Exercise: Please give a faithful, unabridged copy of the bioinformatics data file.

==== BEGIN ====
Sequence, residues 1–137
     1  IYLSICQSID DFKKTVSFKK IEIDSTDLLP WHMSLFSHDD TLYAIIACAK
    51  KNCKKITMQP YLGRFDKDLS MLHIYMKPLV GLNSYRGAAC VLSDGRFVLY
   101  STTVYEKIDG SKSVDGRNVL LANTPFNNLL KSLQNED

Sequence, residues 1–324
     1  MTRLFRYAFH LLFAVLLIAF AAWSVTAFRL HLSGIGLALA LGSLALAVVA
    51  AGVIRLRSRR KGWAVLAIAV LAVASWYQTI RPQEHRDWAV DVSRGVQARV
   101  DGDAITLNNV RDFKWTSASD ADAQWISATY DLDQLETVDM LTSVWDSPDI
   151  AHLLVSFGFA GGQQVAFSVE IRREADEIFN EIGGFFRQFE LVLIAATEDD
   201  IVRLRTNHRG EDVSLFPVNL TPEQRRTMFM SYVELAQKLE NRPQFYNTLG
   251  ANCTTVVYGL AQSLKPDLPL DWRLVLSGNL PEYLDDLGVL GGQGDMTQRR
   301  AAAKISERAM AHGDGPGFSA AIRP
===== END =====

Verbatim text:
Sequence, residues 1–137
     1  IYLSICQSID DFKKTVSFKK IEIDSTDLLP WHMSLFSHDD TLYAIIACAK
    51  KNCKKITMQP YLGRFDKDLS MLHIYMKPLV GLNSYRGAAC VLSDGRFVLY
   101  STTVYEKIDG SKSVDGRNVL LANTPFNNLL KSLQNED

Sequence, residues 1–324
     1  MTRLFRYAFH LLFAVLLIAF AAWSVTAFRL HLSGIGLALA LGSLALAVVA
    51  AGVIRLRSRR KGWAVLAIAV LAVASWYQTI RPQEHRDWAV DVSRGVQARV
   101  DGDAITLNNV RDFKWTSASD ADAQWISATY DLDQLETVDM LTSVWDSPDI
   151  AHLLVSFGFA GGQQVAFSVE IRREADEIFN EIGGFFRQFE LVLIAATEDD
   201  IVRLRTNHRG EDVSLFPVNL TPEQRRTMFM SYVELAQKLE NRPQFYNTLG
   251  ANCTTVVYGL AQSLKPDLPL DWRLVLSGNL PEYLDDLGVL GGQGDMTQRR
   301  AAAKISERAM AHGDGPGFSA AIRP